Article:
More than 60 million people have been displaced from their homes because of conflict around the world – officials say that number is unprecedented.
SMU hosted a conversation about the global refugee crisis Tuesday evening. Former First Lady Laura Bush was among the more than 150 people who attended.
David Miliband is president and CEO of the International Rescue Committee. His organization helped resettle more than 900 refugees in Dallas last year. He told the audience that every 24 seconds, one more person becomes a refugee.
“The statistics are almost numbing,” he said. “Stalin said that one person death is a tragedy and a million people’s death is a statistic. The danger is that refugees go from being a tragedy to a statistic because of the numbers. We have to beware the dehumanization of this population.”
The conversation comes as President Trump’s revised travel ban is on hold. The ban would affect travel from six majority-Muslim countries. Dallas County Judge Clay Jenkins says there may be support for the ban in Texas, but he doesn’t think following popular opinion is always the right way to go when it comes to refugees.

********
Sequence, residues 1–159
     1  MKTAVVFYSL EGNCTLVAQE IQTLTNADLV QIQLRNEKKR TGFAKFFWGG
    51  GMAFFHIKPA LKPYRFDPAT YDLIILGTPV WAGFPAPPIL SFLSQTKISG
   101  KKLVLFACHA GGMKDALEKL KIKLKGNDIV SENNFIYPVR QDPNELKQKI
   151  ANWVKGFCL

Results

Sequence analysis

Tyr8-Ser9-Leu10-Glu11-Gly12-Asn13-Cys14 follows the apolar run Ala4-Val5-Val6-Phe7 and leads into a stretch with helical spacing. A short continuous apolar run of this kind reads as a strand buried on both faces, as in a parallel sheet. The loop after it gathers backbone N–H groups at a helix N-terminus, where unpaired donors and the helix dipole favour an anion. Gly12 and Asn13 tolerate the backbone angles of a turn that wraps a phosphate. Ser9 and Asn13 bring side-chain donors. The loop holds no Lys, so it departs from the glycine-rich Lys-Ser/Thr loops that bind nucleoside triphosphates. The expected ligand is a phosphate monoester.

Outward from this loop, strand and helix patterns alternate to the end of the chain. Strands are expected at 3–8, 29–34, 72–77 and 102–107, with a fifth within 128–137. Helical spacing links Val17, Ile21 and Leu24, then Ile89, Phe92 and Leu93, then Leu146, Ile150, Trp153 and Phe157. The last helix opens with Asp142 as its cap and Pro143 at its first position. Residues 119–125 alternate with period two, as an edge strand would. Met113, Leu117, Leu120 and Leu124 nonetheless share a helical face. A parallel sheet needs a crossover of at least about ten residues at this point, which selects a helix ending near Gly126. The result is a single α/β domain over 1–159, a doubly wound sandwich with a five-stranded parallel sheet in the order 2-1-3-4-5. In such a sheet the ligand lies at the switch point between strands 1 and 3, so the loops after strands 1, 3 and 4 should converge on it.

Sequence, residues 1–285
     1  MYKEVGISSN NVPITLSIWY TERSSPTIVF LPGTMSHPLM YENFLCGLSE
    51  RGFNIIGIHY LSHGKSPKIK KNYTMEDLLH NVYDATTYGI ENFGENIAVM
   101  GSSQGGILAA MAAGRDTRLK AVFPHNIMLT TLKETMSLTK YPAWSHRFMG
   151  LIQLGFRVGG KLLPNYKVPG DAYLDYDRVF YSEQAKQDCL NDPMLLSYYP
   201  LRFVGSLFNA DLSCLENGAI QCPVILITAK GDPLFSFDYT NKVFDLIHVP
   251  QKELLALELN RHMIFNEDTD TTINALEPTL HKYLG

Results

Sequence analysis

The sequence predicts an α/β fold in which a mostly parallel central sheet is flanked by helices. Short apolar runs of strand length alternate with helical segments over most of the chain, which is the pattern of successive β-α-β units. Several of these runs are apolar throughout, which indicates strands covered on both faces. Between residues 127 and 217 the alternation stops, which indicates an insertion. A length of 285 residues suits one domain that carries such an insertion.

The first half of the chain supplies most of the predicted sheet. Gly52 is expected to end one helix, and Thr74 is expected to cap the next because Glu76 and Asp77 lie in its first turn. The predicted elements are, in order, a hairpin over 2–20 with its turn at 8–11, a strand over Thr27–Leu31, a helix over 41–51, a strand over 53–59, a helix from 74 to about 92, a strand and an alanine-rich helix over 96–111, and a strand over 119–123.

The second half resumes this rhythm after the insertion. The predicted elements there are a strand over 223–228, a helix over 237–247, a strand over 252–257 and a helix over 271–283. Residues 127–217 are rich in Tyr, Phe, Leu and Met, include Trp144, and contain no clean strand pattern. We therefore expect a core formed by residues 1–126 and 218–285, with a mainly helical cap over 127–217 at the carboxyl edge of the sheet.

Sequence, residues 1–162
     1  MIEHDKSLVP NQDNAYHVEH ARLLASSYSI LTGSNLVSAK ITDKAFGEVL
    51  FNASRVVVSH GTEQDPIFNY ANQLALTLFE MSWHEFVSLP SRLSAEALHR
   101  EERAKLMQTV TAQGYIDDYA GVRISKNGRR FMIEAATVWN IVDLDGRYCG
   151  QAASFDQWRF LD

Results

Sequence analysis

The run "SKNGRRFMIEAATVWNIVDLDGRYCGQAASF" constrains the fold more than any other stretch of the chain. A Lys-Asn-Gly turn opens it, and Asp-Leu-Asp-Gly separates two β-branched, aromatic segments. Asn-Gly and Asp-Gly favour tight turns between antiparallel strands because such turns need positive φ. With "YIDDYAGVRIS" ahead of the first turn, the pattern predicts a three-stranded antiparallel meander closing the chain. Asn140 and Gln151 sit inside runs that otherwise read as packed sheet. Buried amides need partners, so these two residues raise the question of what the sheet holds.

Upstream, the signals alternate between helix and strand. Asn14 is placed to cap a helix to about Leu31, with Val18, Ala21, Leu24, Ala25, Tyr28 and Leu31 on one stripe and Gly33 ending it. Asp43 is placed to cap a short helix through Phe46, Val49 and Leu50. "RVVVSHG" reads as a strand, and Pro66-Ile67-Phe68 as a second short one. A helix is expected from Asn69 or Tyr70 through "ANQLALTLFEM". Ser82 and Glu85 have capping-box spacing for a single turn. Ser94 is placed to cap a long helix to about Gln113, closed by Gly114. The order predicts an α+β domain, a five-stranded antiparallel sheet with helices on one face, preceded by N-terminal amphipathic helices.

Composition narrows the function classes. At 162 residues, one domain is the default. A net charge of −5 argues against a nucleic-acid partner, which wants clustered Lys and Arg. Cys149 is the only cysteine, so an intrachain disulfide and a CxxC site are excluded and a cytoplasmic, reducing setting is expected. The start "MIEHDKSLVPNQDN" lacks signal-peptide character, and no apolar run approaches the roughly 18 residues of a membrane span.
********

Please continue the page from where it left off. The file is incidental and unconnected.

“We’re talking about children who are six, maybe 10 years old who’ve been stuck in holding pattern refugee centers for two years before they get here,” Jenkins said. “When you see that, I don’t think you can look at polling or what the majority thinks because the first and foremost job for all of us is service and service to everybody.”
Refugee Services of Texas has helped settle more than 1,200 refugees across the state since September. The International Rescue Committee helped resettle more than 900 refugees in Dallas last year. Over 70 percent of these refugees, according to the IRC, are women and children coming to join family members who already live in the U.S.
Since the U.S. refugee program was formalized in 1980, the IRC points out, there has never been a deadly terrorist act committed by a refugee.
Still, across the state, people have concerns about refugee resettlement.
“There’s a lot of fear about this issue,” said audience member Rick Chalk. During the question and answer portion of the presentation at SMU, Chalk went up to the microphone to share his experience as a resident of the small town of Groesbeck, an hour-and-a-half south of Dallas.
“I’m on board with [resettlement], but I have family and friends who have legitimate questions and I don’t know how to answer,” he said.
Miliband said answers to common questions about the vetting system can be found at rescue.org.
“It’s completely legitimate for people to ask questions,” Miliband said. “We want a good security vetting system.”